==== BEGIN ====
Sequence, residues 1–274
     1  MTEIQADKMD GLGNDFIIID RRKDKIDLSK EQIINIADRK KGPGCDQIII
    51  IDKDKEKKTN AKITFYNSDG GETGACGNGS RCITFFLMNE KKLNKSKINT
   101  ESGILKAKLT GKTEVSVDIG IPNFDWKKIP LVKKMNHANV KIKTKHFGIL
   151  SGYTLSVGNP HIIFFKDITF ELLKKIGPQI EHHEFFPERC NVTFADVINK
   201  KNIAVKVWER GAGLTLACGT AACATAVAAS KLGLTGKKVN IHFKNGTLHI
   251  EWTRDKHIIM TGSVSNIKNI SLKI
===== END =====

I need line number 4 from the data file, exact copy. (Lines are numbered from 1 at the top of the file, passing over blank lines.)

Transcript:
   101  ESGILKAKLT GKTEVSVDIG IPNFDWKKIP LVKKMNHANV KIKTKHFGIL